The crowd was nearly on edge as they watched Harry and Cedric speeding through the field. The Gryffindor seeker swiped at the golden snitch, but the little bugger saw this as a challenge and went into a straight climb into the stormy skies. Nothing could bend the will of either boy as they raced upwards, both of them having no objections to following that snitch to hell and back. Harry set his eyes and heart on the snitch, pushing the Firebolt to go faster and faster. Unfortunately, they were going against the storm. It was growing harder and harder as the storm raged on.

Darting through the clouds after the snitch, he found himself close enough to reach out to it several times only to have it pull ahead of him teasingly. It had enough courtesy to play this game with the other seeker as well.

A chill began to grow in Harry's body that was much different from the cold induced by the freezing winds blowing mercilessly against him. This chill grew to a cold grip that seemed to seize his very soul, dragging a fear and panic out from deep within the dark shadows of his mind. He became deaf to the roar of the thunder and whistle of the wind. Abruptly, he turned his broom and was met by several ominous black masses.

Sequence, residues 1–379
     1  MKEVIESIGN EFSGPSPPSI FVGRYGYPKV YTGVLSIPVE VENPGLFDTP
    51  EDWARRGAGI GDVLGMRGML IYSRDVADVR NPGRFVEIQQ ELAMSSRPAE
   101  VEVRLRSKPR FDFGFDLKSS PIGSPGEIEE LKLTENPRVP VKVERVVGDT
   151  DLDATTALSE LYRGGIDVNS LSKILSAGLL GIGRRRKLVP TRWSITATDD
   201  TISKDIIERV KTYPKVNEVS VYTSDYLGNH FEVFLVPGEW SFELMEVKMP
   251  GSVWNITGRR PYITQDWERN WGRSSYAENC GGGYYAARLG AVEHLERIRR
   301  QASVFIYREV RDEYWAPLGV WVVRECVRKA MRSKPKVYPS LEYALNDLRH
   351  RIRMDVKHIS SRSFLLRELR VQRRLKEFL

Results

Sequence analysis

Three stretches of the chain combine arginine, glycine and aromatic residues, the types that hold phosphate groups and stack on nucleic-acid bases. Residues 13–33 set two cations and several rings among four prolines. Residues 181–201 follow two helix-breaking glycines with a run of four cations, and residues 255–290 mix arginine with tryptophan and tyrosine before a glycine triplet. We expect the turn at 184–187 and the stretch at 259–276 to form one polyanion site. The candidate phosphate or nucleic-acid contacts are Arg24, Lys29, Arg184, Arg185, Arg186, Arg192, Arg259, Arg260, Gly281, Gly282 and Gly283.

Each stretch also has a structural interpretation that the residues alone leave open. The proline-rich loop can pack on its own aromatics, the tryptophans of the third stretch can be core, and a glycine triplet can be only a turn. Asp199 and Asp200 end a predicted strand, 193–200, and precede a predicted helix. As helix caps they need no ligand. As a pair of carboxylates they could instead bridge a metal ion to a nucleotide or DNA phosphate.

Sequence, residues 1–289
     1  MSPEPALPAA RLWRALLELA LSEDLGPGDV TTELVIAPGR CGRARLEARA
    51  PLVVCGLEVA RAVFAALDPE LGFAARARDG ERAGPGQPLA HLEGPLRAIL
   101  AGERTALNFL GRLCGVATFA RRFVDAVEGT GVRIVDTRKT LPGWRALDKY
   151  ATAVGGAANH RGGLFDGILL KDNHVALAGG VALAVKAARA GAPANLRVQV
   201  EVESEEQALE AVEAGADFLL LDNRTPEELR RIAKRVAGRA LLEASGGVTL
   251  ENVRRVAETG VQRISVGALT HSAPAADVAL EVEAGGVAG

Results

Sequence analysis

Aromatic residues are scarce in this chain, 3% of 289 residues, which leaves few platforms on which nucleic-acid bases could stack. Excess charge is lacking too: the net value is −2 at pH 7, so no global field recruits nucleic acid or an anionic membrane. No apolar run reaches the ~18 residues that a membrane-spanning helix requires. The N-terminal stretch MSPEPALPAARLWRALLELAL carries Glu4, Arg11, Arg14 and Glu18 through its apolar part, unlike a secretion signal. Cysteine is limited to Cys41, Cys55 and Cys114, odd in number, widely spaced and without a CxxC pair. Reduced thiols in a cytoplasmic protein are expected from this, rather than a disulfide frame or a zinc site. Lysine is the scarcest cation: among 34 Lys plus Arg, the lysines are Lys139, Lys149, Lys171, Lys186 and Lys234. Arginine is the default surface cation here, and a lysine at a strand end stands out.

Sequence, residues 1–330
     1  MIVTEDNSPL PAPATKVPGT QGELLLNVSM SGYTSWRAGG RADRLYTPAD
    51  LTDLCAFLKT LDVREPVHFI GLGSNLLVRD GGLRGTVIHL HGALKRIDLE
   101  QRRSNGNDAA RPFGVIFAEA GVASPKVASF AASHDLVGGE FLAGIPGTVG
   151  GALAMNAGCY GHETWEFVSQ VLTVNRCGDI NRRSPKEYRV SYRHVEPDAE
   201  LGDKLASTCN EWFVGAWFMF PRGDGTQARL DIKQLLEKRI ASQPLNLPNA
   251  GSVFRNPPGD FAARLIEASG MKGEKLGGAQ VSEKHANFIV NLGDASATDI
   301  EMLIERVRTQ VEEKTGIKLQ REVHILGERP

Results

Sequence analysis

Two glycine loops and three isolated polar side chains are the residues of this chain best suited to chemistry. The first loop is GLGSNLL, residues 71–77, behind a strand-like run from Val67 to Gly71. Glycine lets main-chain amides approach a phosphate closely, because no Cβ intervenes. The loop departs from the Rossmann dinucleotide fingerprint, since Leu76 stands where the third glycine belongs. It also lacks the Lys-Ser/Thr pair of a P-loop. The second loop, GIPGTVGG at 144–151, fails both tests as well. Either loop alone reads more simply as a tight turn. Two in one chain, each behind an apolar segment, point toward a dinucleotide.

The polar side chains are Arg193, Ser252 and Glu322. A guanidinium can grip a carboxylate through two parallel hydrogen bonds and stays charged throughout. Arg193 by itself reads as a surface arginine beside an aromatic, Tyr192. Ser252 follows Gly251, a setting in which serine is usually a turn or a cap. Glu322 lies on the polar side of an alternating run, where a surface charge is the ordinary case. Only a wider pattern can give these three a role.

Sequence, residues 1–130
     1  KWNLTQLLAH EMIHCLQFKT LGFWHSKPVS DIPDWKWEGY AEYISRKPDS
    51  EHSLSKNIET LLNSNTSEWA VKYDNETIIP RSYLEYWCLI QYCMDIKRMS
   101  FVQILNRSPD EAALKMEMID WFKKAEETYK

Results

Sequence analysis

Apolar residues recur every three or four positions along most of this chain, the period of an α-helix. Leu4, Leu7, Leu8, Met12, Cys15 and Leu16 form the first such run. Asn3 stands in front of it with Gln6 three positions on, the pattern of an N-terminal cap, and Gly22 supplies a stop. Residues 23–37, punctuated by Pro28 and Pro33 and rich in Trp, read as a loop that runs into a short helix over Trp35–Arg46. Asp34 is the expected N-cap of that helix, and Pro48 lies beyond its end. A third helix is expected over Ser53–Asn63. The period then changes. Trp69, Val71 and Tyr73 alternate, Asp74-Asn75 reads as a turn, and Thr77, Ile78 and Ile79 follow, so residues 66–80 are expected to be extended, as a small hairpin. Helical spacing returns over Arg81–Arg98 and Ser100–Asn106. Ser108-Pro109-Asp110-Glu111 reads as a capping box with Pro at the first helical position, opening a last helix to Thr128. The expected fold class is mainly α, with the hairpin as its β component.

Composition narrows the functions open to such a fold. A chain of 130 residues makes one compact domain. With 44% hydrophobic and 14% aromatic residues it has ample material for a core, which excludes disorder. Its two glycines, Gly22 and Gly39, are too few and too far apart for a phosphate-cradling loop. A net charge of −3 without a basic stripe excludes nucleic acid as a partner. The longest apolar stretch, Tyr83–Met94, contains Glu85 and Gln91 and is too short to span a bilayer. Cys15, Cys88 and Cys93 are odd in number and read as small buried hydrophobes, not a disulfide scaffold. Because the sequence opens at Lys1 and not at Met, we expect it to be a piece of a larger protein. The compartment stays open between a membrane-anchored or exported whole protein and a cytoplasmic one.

All thoughts of catching the ever elusive snitch were replaced with a numbing darkness and silence as the young wizard struggled to keep his focus and consciousness. Sounds of the raging storm suddenly stopped as the darkness was punctured by voices all too familiar to him.

"Where have you hidden the child? Where is he? You cannot protect him forever."

"You're wrong! I will always protect him. No one, not even you, can harm my son as long as I am alive."


Harry cried out for his father as the man's anguished cries echoed through his mind.

James gave an involuntary shudder, feeling that something was wrong. He closed his eyes and began to massage his temples. Maybe his worry was just getting the better of him.

His attention couldn't help but be drawn away as shouts of fear and surprise rang out throughout the pitch. Following where everyone was pointing and indicating, he looked up to see his son plummeting towards the ground. Why wasn't he on his broom? What happened?

The crowd watched helplessly as the Gryffindor seeker began to plummet to the ground, falling from his broom while the game raged on around him. It seemed to be taking forever for him to fall as the dementors swarmed on the Quidditch pitch like vultures. Remus stood on reflex and drew his wand. He held a vast knowledge of magic, but he could think of nothing to save the son of his dear friend. No doubt, he thought, James was staring in horror while his son fell to the hard ground.